April 25, 2011
“We’re selling the boat. Trying not to be completely sad about it.”
That was my Facebook status yesterday as my husband pulled the boat out of the garage to clean it up so we could sell it. It was the first time the boat had been outside of that garage in five years.
That’s when we moved here. It’s been five years. It’s actually been six years since we’ve used the boat. Clearly, it’s time to sell it.
But it’s making me very sad.
I’m not usually the sentimental type to get attached to things. There isn’t much in his house that I’m connected too, except maybe our green recliner. But there’s a lot of emotion tied up for me with that boat. The first (only?) vacation that Tim and I took together as a couple was a week on a New Hampshire lake with friends. Summers were spent out on that boat – camping at the marina at night and lazily floating in the sandbar during the day, working on crossword puzzles and reading the newspaper. Much of our pre-kid time was centered on boating.
I suppose there’s a lot of emotion tied up with boats in general for me. I remember being twelve or thirteen and going to get my family’s first ski boat. We picked it up on a particularly windy day and took hours motoring back to our marina, closely hugging the shores of Lake Champlain. My father taught us how to waterski off of that boat, and how to navigate the choppy waters of the lake. We would spend weekends with my cousins going back and forth in a tiny cove on the New York side of the lake. He taught me how to dock the boat and how to tie the knots to hold it tight.
I also remember it being a money pit and it needing constant maintenance. As we got older we used the boat less and less. When the marina fees jumped in price, we no longer kept the boat at the dock. The more time it took to take the boat out, the less time we actually used it. And eventually, my parents got rid of it. It just wasn’t worth it anymore.
And that’s where we are now with our boat. We’re now over two hours from our old lake. What was once a manageable trip is now a ridiculous undertaking. Under the best of circumstances. Hours in the car for potentially a short amount of time on the water. Hundreds of dollars in fuel now that gas prices are so high. Boat insurance. Time spent just getting the boat ready for the trip. Add in the unpredictable nature of autism and SPD and three young boys who have never been boating before…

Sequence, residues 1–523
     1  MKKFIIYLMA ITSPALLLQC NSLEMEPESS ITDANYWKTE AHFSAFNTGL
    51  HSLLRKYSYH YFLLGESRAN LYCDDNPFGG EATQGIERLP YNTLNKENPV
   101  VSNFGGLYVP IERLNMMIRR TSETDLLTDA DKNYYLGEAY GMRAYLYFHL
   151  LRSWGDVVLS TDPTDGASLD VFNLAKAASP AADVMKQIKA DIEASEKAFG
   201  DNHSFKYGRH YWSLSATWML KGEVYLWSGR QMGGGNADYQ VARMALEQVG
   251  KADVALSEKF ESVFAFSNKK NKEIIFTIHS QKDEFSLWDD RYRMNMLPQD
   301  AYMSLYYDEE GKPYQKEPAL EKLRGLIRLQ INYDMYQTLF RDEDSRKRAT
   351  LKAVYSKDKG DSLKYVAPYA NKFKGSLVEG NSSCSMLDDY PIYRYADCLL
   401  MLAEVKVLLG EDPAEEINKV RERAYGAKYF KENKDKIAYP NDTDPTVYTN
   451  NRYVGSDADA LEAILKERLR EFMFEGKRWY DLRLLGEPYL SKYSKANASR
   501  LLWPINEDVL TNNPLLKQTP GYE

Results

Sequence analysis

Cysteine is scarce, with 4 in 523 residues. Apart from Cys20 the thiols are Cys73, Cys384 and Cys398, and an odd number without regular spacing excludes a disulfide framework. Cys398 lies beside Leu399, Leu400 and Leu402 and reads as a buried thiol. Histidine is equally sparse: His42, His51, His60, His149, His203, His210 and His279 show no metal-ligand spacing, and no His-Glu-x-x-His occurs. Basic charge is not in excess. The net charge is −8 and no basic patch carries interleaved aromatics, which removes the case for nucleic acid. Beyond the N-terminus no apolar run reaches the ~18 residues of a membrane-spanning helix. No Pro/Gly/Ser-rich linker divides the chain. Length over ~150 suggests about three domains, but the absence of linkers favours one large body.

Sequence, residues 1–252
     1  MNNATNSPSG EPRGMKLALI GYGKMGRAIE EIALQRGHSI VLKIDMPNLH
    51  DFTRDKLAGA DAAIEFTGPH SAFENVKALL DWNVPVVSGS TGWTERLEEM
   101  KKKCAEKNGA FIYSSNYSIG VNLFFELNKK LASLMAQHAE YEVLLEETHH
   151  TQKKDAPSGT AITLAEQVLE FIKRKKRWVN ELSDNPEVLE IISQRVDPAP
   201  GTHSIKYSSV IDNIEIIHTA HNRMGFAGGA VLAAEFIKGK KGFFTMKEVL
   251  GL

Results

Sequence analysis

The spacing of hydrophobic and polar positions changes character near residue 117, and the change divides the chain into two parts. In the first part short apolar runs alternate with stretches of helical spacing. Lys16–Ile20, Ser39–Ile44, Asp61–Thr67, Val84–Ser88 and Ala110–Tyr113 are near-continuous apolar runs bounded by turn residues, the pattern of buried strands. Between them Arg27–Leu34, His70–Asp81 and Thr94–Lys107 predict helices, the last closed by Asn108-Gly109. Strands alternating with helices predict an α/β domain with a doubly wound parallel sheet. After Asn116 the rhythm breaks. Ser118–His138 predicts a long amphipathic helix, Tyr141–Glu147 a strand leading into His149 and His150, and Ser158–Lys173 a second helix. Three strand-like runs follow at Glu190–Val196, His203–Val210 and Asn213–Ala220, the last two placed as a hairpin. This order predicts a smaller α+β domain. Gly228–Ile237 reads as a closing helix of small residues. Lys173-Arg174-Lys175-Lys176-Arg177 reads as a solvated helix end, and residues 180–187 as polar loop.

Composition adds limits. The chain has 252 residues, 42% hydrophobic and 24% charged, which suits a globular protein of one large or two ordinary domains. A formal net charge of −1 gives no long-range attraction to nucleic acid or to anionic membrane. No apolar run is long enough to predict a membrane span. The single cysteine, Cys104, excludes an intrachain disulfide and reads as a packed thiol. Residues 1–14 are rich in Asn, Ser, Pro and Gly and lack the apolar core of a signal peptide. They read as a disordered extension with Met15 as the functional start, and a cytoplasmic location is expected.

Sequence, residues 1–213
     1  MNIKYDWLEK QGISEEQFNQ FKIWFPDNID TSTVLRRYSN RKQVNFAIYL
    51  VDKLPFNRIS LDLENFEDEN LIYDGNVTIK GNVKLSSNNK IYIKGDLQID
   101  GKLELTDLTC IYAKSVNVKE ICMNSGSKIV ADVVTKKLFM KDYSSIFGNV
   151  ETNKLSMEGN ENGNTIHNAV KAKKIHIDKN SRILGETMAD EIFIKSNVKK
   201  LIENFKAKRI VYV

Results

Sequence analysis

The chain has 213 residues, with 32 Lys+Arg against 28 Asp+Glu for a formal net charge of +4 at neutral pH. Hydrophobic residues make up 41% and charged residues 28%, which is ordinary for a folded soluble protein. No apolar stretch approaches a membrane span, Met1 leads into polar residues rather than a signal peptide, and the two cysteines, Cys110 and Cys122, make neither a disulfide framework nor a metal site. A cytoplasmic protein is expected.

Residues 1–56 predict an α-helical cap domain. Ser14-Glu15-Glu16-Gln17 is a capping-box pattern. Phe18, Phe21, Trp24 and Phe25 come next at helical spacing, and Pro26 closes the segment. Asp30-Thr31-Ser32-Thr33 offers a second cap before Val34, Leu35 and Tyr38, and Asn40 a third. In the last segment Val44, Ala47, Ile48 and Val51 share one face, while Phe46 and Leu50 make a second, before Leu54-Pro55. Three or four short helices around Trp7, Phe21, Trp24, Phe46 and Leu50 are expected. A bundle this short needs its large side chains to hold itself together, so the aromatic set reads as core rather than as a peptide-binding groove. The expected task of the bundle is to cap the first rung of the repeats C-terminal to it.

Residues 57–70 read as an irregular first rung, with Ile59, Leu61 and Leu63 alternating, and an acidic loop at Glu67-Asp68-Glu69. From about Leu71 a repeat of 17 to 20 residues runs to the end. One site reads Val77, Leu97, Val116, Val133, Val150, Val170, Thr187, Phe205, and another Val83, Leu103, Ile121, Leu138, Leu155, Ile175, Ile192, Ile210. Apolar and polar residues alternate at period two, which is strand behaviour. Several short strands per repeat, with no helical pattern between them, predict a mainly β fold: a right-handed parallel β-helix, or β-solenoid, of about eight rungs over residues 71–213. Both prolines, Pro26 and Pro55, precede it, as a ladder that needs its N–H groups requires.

I’m not blaming this on my son’s autism and SPD. But I can’t say that it’s not a factor in all of this. Because autism and SPD are a part of him and a part of our family. It has changed how we view…everything. It’s weaved through everything we plan and do together. I can’t just dismiss it and think he’ll be fine. And I can’t dismiss how my other two kids would react if my son falls apart.
There are dozens of reasons to get rid of the boat. There’s just one reason to keep it.
I feel like I’m giving up. I feel like I’ve failed.
Boating as a family has always been my dream. We don’t ski, or camp, or spend summers at the beach. Boating was going to be our thing. I had visions of spending time with the boys at a rented house on a lake every summer. Watching Tim teach them how to swim, and ski, and tie knots. Pictures of them driving the boat around the cove. Laughing as we told them it was okay to pee in the lake.
Selling the boat feels like I’m selling that dream. It’s the final realization that our family just can’t do all the things I thought we would do. We already skip family gatherings, birthday parties, and other events because it’s just too hard. I held tight to that boat in the garage because it was holding onto the last symbol of what I thought our family was supposed to be.
Friends have been telling us to sell the boat for years. “Wouldn’t you like to have your car in the garage?”, they’d ask.
I don’t care about having a spot for my car. I care about finding that one activity that pulls my family together as one.
I’m trying to see this as a dream deferred. It’s just not the right time for our family to own a boat. I know we can find something else that we can all do together. Something that works for every single member of our five person crew.
And maybe someday the time will be right again for us to have a boat. Maybe when the kids are older. Or maybe when they have kids.
I’m going to let the boat go.
It’s just a boat, right? It’s just a boat.
“It’s not far to never never land
No reason to pretend
And if the wind is right you can find the joy
Of innocence again
The canvas can do miracles
Just you wait and see
Takes me away
To where I’ve always heard it could be
Just a dream and the wind to carry me
And soon I will be free” – Sailing by Christopher Cross
April 18, 2011
I’m over at the SPD Blogger Network today for the start of Passover. And just like the Seder night is different from all other nights, my son is different from all other children. Come read my plans for a successful and sensory-friendly Passover night.
(and I’m breaking with tradition here by not using a song title. Somehow the traditional songs of Let My People Go and Dayenu just didn’t have that mass appeal…)
Why Is This Night Different From All Other Nights?
Click HERE to read Why Is This Night Different From All Other Nights?
April 17, 2011
So…how do you turn the autism radar off?
It’s a question I asked my brilliant and seasoned autism mom friends. Come read their answers and advice to me at Hopeful Parents today. It is the 17th of the month, you know.
Suddenly I See
Click HERE for Suddenly I See
April 14, 2011
Awareness is cropping up everywhere.